Mining in Chile: Copper solution (The Economist – April 27, 2013)

The mining industry has enriched Chile. But its future is precarious

ANTOFAGASTA – TOURIST shops sell polished copper trinkets. Building after building sports a bit of copper cladding. Even the taxi-drivers in Santiago, Chile’s capital, know the price of copper. It is not hard to guess what the country’s biggest export is.

Copper has been kind to Chile. It provides 20% of GDP and 60% of exports. Thanks to it, Chile’s economy is expanding by nearly 6% annually, while inflation and unemployment are enviably low. Poverty rates have tumbled; public services are mostly good. Chile has other strengths, such as agriculture, tourism and even high-tech. But small shifts in the copper price make headlines.

The copper mines themselves are far from the capital. Escondida, the world’s biggest (and the source of over 5% of global supplies) is a 1,300km (800-mile) trek north, in the middle of the Atacama desert. BHP Billiton, the world’s biggest mining company, operates two gigantic pits there.

The deeper one is 3.9km from side to side and 650 metres from brim to bottom. Trucks as big as houses, working non-stop, haul 1.5m tonnes of rock out of Escondida each day. Managers may drive 150km in a shift. Last year the mine disgorged 1m tonnes of metal. Overall, Chile produces a third of the world’s copper.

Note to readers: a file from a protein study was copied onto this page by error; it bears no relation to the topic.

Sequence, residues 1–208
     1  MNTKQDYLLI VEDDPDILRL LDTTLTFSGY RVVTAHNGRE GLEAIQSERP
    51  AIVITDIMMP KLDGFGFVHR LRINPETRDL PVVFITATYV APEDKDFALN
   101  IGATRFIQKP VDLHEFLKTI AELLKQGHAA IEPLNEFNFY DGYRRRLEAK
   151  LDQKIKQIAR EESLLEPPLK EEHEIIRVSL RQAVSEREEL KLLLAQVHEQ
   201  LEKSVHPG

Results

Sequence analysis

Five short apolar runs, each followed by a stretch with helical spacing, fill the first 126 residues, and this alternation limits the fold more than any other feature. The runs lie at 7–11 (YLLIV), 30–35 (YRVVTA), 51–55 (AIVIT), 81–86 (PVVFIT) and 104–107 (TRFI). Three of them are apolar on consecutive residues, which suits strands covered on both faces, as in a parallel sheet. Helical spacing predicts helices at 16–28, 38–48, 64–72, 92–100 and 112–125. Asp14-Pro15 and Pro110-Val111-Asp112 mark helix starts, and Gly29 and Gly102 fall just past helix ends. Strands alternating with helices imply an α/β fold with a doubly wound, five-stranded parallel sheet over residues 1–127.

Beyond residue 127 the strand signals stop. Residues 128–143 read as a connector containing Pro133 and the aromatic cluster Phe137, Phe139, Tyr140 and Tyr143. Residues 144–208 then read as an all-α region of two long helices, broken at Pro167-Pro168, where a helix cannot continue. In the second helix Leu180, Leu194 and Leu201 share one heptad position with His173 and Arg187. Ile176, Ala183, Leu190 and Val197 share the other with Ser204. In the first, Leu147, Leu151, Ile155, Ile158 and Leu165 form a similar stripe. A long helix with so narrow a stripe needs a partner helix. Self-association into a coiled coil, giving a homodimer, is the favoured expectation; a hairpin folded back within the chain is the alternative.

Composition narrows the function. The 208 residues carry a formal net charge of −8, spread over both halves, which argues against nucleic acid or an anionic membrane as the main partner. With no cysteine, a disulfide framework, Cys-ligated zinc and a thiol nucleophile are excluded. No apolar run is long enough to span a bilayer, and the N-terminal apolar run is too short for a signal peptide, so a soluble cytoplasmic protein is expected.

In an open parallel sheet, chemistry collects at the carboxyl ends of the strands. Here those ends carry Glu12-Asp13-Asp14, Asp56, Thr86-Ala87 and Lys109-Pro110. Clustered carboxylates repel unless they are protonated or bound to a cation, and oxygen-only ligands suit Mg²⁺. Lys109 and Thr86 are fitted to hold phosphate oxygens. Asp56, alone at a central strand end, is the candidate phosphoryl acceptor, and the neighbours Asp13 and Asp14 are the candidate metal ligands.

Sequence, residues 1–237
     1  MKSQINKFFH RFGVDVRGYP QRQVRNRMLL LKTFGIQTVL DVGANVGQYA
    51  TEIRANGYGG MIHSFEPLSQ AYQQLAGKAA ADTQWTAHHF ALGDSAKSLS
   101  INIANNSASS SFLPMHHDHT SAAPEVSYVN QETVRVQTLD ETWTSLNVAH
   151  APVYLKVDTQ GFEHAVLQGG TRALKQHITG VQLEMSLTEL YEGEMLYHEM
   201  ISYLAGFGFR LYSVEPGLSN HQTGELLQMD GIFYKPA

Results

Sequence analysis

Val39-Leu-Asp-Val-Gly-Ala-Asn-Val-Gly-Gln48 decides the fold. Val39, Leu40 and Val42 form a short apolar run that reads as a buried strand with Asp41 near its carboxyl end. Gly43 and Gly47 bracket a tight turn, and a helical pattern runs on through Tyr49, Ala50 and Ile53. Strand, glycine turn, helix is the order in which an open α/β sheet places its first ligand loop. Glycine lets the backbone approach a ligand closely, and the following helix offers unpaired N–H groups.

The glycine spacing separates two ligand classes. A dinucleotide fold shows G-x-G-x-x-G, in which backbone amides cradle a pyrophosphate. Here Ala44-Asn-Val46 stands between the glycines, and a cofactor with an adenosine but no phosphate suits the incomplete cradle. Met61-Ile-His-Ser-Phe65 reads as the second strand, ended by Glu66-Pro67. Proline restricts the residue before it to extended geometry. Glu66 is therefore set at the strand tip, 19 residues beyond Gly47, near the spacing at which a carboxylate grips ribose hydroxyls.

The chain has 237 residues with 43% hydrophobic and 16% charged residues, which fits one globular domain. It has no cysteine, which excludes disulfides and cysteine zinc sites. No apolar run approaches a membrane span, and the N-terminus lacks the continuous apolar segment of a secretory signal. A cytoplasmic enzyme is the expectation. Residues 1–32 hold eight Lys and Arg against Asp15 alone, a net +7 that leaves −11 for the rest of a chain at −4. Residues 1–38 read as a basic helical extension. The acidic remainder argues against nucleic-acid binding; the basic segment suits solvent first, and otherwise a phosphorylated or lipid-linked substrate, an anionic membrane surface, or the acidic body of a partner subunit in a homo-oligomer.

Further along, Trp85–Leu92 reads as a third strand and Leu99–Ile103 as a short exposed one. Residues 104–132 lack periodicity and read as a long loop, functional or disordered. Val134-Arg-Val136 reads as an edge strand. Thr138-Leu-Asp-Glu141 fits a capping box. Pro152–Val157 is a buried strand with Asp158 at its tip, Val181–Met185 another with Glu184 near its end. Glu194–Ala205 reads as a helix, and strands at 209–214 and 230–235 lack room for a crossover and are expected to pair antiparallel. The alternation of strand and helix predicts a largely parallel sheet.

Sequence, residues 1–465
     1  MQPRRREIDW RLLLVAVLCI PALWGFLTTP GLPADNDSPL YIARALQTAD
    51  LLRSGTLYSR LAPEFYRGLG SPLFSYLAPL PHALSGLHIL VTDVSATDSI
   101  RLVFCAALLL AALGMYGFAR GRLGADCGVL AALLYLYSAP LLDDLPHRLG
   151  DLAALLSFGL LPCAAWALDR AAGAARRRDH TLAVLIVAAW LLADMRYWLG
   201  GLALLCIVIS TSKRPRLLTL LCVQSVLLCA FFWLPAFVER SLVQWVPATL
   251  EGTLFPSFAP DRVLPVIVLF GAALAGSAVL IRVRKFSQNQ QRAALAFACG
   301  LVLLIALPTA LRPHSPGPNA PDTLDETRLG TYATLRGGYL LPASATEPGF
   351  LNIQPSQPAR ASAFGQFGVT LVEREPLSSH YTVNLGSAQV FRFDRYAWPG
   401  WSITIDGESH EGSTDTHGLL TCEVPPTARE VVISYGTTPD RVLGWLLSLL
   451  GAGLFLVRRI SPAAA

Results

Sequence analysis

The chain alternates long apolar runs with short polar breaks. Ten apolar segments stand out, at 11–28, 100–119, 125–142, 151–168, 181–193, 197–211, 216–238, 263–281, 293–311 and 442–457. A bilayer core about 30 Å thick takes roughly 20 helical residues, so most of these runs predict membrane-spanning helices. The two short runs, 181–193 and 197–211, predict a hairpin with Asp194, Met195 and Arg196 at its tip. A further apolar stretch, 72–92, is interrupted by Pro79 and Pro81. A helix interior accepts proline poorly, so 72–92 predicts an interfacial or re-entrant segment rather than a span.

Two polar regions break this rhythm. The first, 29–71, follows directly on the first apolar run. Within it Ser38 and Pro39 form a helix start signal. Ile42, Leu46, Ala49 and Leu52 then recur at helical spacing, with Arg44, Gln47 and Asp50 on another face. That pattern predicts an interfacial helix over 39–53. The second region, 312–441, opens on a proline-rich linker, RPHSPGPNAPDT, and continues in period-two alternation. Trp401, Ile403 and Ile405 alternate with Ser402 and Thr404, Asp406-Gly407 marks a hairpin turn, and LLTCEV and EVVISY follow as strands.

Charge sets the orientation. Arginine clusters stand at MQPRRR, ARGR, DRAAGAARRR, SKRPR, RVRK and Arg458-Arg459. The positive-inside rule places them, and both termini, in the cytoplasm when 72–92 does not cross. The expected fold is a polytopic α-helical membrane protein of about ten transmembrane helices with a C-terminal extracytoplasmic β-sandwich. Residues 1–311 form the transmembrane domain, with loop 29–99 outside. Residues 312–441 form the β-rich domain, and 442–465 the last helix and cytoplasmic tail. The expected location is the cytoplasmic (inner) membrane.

BHP has 4,000 workers on site, plus another 13,000 contractors nearby. All live in a settlement built specially to serve the mine. There they can enjoy Zumba dance classes, a swimming pool and a pub with a jukebox and pinball but, alas, no booze. (Hard liquor and heavy machinery don’t mix.) The nearest town is the port of Antofagasta, 170km away, where ships are loaded with copper sheets and ore

Copper demand has boomed since China’s rural population started moving to cities. The migrants need homes with copper wires and pipes. Emerging markets everywhere are gobbling up copper to put in bridges, cars, fridges and more or less anything that uses electricity. China’s recent slowdown has caused copper prices to slide by 15% since the beginning of the year, but they are still high (see chart).

BHP and other miners have invested heavily in Chile. Big deposits of copper ore are rare. Big copper-ore deposits in stable countries with business-friendly governments are even rarer. Zambia and Congo are not in the same league.

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